The volume of voices speaking throughout these pages makes this book an incredible compilation. However, the organization of the chapters and sections within the book occasionally seems randomly jumbled. Meyer admits in his introduction that “this book was quickly thrown together.” Certain articles contain explanations that contextualize them or give them a date, while others do not. There are a number of excerpted pieces that are very brief – just one or two pages – that I wish I had more of, while other articles seem to cover historical events already detailed in an earlier section. Poetry and flyers for past events seem inserted at random moments. But the book is meant as a reference more than as something to read front to back, and so these are really minor complaints. The table of contents does a good job of listing each article and author, and there is a thorough index as well as a resource guide in the back.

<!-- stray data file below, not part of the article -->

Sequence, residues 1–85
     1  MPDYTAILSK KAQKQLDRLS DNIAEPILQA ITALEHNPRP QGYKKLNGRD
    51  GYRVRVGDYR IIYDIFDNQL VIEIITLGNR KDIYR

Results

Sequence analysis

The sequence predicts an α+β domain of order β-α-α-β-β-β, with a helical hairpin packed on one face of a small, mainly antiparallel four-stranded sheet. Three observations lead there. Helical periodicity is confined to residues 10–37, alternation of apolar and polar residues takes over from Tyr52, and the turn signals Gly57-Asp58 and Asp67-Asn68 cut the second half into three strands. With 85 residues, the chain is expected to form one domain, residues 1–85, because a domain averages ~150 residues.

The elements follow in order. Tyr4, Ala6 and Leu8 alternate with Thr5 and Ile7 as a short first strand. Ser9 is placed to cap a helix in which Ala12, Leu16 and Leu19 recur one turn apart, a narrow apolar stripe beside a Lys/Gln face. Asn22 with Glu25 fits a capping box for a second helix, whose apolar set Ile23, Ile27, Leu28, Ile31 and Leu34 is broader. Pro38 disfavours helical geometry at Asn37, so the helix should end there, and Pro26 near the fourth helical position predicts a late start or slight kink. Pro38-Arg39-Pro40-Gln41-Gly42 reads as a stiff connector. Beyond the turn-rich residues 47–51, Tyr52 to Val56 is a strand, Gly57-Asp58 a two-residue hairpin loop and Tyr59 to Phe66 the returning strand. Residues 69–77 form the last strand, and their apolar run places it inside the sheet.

Meyer’s book is an important reference point linking past and present struggles, such as Black Liberation Army prisoners framed and tortured in prison in the 1970s to people like Sami Al Arian in 2008. If we are to build strategies for the future, the words and voices contained within these pages will be an essential tool.

As a digital subscriber to Prison Legal News, you can access full text and downloads for this and other premium content.

Subscribe today

Already a subscriber? Login